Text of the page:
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Workers’ Compensation – Lien on Personal Injury Action (2017)

A worker who is injured in the course of the employment because of the negligence of a third party – someone other than the employer or a co-worker – may file a workers’ compensation claim and also sue the third party. When the lawsuit – called a third-party action – settles, the workers’ compensation insurer has a lien against the recovery for the benefits it has paid. However, the lien is reduced by the insurer’s fair share of the injured worker’s litigation expenses – the personal injury attorney’s fee and disbursements. The insurer also generally has a credit for the worker’s net recovery, but that credit is also subject to reduction if the injured worker’s personal injury attorney reserves his or her “Burns rights.”

We represented our client in both his workers’ compensation and personal injury cases. When then personal injury case settled, we made sure that our client’s “Burns rights” were preserved. When the workers’ compensation case was settled later with an award for schedule loss of use (for permanent injury to a limb), the insurance company took the position that Burns rights did not apply to that type of case, and that it was entitled to a full credit for our client’s personal injury recovery without paying any portion of the third-party litigation expenses.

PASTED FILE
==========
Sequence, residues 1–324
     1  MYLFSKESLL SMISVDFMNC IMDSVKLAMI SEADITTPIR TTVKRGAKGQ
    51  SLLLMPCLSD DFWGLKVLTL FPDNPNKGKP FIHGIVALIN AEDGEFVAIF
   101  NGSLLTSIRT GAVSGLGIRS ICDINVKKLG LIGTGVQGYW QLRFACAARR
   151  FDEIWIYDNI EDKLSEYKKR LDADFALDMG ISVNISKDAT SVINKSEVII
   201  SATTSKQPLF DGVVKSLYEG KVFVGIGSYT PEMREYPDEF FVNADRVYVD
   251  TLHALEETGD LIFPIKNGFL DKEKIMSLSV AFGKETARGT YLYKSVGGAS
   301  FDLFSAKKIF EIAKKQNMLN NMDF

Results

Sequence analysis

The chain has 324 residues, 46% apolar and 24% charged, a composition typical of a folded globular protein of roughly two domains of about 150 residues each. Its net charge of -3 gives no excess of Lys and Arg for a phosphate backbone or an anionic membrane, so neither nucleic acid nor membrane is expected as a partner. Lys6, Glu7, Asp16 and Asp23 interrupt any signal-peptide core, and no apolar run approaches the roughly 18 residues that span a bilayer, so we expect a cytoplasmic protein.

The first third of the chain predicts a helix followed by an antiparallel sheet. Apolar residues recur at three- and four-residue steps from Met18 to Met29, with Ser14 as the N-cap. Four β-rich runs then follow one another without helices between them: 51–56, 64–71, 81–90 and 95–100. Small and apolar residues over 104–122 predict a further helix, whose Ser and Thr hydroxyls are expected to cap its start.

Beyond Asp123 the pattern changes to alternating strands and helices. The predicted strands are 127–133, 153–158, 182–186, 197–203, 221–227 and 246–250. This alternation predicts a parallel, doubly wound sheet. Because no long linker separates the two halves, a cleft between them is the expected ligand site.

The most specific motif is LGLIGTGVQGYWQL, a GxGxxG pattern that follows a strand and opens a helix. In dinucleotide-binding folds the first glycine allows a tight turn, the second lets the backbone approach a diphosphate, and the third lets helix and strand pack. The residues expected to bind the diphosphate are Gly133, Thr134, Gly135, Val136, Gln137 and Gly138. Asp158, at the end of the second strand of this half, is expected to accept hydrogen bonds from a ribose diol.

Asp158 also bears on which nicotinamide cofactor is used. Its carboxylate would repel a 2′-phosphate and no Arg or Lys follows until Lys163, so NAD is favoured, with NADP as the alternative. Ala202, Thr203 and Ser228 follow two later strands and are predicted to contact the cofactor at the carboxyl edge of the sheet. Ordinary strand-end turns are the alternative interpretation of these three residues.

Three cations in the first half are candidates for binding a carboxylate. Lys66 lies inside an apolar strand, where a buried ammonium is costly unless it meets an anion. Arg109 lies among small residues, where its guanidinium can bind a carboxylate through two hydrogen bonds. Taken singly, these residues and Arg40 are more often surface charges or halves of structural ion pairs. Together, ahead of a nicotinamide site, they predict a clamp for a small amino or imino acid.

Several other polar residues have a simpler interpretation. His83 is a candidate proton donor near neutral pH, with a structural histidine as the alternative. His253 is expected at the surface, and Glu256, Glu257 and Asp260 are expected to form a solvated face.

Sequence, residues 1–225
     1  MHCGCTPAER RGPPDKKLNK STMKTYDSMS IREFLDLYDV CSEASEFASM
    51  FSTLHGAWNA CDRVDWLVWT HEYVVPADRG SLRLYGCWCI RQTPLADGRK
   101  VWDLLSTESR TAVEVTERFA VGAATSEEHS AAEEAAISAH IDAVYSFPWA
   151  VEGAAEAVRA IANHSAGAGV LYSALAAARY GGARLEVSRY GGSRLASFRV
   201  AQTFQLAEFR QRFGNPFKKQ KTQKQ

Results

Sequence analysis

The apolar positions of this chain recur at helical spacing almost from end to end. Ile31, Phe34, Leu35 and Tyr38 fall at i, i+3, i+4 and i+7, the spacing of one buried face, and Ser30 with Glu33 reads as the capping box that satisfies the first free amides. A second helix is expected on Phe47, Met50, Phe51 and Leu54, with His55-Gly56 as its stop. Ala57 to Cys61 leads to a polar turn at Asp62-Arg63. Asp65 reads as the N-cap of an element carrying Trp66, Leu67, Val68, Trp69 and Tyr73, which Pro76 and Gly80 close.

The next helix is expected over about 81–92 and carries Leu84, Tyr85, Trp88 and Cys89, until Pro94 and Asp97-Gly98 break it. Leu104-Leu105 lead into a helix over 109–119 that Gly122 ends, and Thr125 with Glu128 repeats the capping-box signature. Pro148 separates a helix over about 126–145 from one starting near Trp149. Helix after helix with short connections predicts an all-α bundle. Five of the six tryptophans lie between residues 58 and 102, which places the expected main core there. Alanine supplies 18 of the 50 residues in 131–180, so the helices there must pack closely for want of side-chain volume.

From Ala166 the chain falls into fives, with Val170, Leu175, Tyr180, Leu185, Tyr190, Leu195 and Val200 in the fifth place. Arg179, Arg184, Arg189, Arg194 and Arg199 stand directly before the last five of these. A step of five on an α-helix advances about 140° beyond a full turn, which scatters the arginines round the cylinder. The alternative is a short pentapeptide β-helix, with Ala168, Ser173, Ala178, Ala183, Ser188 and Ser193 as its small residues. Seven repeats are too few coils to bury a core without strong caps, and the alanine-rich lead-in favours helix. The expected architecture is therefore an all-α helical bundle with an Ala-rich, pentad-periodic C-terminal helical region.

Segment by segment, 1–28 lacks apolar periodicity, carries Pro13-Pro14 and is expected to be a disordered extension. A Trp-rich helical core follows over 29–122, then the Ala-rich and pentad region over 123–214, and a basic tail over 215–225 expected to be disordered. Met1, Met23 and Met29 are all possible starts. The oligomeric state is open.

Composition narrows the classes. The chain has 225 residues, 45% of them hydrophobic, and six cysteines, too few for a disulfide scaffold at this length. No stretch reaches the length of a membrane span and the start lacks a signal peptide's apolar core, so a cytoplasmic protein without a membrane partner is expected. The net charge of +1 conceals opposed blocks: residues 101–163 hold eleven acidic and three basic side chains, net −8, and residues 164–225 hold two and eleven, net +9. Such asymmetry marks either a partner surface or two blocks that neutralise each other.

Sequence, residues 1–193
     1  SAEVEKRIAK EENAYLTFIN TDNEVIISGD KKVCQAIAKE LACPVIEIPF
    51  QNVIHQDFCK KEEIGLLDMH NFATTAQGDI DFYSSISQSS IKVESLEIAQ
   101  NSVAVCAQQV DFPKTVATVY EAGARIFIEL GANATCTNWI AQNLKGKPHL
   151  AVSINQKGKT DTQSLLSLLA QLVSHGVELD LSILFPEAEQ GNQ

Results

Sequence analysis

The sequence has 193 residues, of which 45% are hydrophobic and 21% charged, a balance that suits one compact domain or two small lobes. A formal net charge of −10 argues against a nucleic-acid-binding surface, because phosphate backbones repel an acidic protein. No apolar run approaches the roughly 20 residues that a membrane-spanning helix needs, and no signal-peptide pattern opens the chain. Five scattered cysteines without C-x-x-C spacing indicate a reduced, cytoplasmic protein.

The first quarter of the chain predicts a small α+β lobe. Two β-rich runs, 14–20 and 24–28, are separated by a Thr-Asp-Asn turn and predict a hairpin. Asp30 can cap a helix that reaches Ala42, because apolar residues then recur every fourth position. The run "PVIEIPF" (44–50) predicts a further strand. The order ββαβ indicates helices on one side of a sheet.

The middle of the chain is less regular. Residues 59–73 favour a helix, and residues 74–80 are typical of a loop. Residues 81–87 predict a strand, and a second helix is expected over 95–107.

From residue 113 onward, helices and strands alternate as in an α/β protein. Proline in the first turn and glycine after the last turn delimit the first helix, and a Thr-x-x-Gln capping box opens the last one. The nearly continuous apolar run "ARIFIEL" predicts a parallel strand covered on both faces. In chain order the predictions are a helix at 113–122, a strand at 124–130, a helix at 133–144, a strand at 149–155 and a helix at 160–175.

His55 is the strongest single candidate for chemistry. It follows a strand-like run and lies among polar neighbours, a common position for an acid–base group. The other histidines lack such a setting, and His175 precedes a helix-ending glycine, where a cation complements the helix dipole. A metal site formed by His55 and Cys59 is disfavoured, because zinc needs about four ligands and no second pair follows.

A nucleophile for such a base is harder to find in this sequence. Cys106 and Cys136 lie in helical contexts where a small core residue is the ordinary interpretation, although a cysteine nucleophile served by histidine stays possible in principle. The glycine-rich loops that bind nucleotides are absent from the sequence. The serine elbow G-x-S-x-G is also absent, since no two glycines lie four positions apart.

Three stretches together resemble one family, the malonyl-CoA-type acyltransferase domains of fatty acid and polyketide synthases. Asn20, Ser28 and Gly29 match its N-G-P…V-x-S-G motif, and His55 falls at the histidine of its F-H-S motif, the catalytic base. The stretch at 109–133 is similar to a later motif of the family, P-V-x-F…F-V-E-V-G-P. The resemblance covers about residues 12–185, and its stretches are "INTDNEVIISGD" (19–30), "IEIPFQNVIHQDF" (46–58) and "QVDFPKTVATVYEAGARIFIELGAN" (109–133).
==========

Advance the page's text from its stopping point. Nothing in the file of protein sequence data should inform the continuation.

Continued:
The WCL Judge, Workers’ Compensation Board, and Appellate Division, Third Department all agreed with the insurance company’s position. We asked the Court of Appeals, New York’s highest court, for permission to appeal, which was granted.

The Court of Appeals unanimously agreed with our position, holding that an injured worker is entitled to “Burns payments” from the workers’ compensation insurer for any type of workers’ compensation award that is entered after the third-party settlement, including schedule loss awards. This important decision clarified the law and made certain that injured workers receive the full benefit of their personal injury and workers’ compensation cases.

Read the Terranova decision here

Watch a video of the argument here Terranova


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